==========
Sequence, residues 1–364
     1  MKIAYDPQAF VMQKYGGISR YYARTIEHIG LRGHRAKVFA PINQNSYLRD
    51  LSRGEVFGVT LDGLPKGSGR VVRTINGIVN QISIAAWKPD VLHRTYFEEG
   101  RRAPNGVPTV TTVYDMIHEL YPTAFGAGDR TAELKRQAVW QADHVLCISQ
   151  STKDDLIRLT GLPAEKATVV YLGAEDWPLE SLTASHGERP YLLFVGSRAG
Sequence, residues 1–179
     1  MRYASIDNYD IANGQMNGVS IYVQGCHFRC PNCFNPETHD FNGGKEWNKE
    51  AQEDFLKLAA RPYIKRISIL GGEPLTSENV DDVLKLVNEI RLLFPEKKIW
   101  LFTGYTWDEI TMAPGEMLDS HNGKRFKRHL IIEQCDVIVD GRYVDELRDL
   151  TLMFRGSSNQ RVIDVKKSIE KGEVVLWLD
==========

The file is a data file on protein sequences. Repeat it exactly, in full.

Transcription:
Sequence, residues 1–364
     1  MKIAYDPQAF VMQKYGGISR YYARTIEHIG LRGHRAKVFA PINQNSYLRD
    51  LSRGEVFGVT LDGLPKGSGR VVRTINGIVN QISIAAWKPD VLHRTYFEEG
   101  RRAPNGVPTV TTVYDMIHEL YPTAFGAGDR TAELKRQAVW QADHVLCISQ
   151  STKDDLIRLT GLPAEKATVV YLGAEDWPLE SLTASHGERP YLLFVGSRAG
Sequence, residues 1–179
     1  MRYASIDNYD IANGQMNGVS IYVQGCHFRC PNCFNPETHD FNGGKEWNKE
    51  AQEDFLKLAA RPYIKRISIL GGEPLTSENV DDVLKLVNEI RLLFPEKKIW
   101  LFTGYTWDEI TMAPGEMLDS HNGKRFKRHL IIEQCDVIVD GRYVDELRDL
   151  TLMFRGSSNQ RVIDVKKSIE KGEVVLWLD